Halloween Writing

by Angela Butler

Halloween writing is perfect when ghosts, goblins and witches abound. What an opportunity to soak in all the sensations of the season and create a haunting story. As you engage in festive activities with family and loved ones, take a few minutes to jot down what you see, hear, smell, and feel.

And, of course, Halloween writing must include the foods of the holiday! What candy do you snitch from your children’s trick or treat bags? How many times do their tummies cramp from too many caramel covered apples and chocolate chip cookies?

When you visit a pumpkin patch, be mindful of everything around you. Feel the autumn chill in the air as the sun goes down and remember how cozy it feels to wear long pants and a fleece jacket. Notice the aroma of fresh cut hay bales and corn stalks as you wind your way through a corn maze. As you stumble through the pumpkin patch, listen to the crackling of brittle vines, fallen leaves, or the yell of “help” when your little one needs help to carry the biggest pumpkin he’s ever seen. Which one has he picked? Is it bumpy, smooth, deformed, perfect, robust or lanky?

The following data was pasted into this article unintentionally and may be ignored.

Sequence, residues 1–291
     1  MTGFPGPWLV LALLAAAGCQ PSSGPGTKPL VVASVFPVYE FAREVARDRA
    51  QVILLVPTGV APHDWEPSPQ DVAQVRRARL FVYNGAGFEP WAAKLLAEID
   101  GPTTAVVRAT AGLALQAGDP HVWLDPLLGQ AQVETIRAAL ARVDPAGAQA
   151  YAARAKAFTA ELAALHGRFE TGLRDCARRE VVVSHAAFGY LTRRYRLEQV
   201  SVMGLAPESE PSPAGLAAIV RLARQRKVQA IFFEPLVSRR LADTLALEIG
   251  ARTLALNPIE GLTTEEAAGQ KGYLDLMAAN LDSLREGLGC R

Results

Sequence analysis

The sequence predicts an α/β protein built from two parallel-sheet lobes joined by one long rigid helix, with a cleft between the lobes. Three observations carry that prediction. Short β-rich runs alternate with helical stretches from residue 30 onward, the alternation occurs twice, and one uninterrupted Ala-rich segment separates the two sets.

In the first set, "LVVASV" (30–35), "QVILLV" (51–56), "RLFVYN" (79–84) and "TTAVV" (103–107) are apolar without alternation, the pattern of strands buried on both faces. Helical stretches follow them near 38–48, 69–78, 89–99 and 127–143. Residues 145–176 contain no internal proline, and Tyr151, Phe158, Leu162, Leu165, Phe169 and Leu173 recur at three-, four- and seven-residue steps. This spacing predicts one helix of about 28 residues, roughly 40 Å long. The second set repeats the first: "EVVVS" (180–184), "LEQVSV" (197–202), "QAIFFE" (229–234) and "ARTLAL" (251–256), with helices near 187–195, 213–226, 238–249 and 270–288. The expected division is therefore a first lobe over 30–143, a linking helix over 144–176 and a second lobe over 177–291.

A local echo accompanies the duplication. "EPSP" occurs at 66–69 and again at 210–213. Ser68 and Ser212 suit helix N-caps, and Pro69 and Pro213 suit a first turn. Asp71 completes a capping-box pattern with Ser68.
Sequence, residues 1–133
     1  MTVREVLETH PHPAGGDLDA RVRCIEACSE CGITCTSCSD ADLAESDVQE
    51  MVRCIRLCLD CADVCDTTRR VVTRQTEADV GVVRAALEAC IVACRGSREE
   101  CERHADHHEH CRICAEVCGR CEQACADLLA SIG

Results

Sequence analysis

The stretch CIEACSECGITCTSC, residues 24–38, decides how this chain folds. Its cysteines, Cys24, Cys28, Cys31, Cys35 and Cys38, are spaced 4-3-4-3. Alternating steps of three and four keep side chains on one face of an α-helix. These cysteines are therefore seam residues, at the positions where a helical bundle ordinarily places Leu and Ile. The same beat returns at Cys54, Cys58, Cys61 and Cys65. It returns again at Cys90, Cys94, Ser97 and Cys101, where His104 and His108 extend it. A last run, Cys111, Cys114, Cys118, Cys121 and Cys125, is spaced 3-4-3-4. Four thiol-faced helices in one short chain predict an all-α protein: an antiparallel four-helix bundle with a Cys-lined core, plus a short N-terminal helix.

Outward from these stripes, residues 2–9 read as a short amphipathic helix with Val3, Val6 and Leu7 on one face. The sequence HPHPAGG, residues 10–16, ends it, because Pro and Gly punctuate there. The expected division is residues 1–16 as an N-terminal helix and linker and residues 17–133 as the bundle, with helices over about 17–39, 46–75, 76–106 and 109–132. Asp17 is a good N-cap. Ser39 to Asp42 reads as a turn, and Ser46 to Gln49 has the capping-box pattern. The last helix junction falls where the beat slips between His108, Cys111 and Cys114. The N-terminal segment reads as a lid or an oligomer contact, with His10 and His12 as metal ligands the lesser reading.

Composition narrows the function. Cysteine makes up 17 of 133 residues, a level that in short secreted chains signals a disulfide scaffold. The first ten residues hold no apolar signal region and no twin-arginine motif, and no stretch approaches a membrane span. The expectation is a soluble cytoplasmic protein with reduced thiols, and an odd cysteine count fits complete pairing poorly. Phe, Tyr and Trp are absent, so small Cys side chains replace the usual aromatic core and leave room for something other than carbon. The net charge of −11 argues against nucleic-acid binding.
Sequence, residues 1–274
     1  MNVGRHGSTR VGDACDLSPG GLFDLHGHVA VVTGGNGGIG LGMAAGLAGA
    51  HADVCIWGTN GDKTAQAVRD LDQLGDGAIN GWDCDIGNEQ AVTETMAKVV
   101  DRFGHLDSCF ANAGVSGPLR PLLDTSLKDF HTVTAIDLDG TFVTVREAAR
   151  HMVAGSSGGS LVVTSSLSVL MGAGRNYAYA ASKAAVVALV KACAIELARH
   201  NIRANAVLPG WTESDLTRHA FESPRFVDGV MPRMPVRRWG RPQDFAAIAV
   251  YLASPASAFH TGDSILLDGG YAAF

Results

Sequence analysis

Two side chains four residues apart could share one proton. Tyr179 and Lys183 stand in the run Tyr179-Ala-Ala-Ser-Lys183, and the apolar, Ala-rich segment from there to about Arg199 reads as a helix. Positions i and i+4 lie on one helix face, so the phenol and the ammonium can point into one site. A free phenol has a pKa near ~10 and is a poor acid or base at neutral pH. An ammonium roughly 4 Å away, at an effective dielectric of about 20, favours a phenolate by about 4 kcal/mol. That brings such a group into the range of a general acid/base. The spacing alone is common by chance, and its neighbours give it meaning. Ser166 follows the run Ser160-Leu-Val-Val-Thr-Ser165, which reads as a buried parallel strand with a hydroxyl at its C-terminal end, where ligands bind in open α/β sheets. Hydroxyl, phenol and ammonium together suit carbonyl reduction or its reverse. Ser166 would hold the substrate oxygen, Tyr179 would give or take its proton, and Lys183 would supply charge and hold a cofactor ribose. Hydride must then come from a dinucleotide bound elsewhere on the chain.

When you take the pumpkins home, carve them, and set them out, what feelings emanate? Do you remember how your mom posed you with your pumpkin on Halloween night? Can you still hear her voice insisting that you smile behind the leopard mask? And you said, “I am smiling.”

How does it feel to watch your children go through the same paces? Reflect on your past as you help with costume changes. Of course, you’ll be tired and the kids won’t want their dinner, but remember your giddiness at their age?

As you peek through the camera lens, the ghost of Halloween past may visit again. Mother saved your leopard suit for your children, and now the oldest is wearing it. “Smile,” you say to the masked face, and a muffled voice replies, “I am smiling.”

Taking good notes on Halloween’s aromas, pumpkin selection, trick or treating, tummy aches, costumes, and seasonal traditions will capture the detailed essence needed for Halloween writing.  Use it to write either fiction or nonfiction. Submit your entry to small online markets five to six months in advance and relive the experiences again when you see your byline in print. HAPPY HALLOWEEN!

*Angela Butler is a volunteer staff member. You can visit her blog at www.angela-wholehearted.blogspot.com. Get more great writing tips at http://www.CreativeWritingInstitute.com.

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Develop your Priorities

by Brent Middleton

          Developing your priorities is one of the most important things you will ever do. At one time, Jeff Kinney was in your shoes. Who is Jeff Kinney? Ask any elementary-middle school kid what the Diary of a Wimpy Kid series is, and they’ll look at you like you just asked them how to blink. Author Jeff Kinney didn’t always want to be a children’s author, but with over 60 million copies in print and over 80 million online hits, he isn’t doing too bad.

Like many students, Jeff didn’t know what he wanted to do until he discovered comic strips at the University of Maryland. As the campus newspaper grew, he knew that he wanted to become a cartoonist.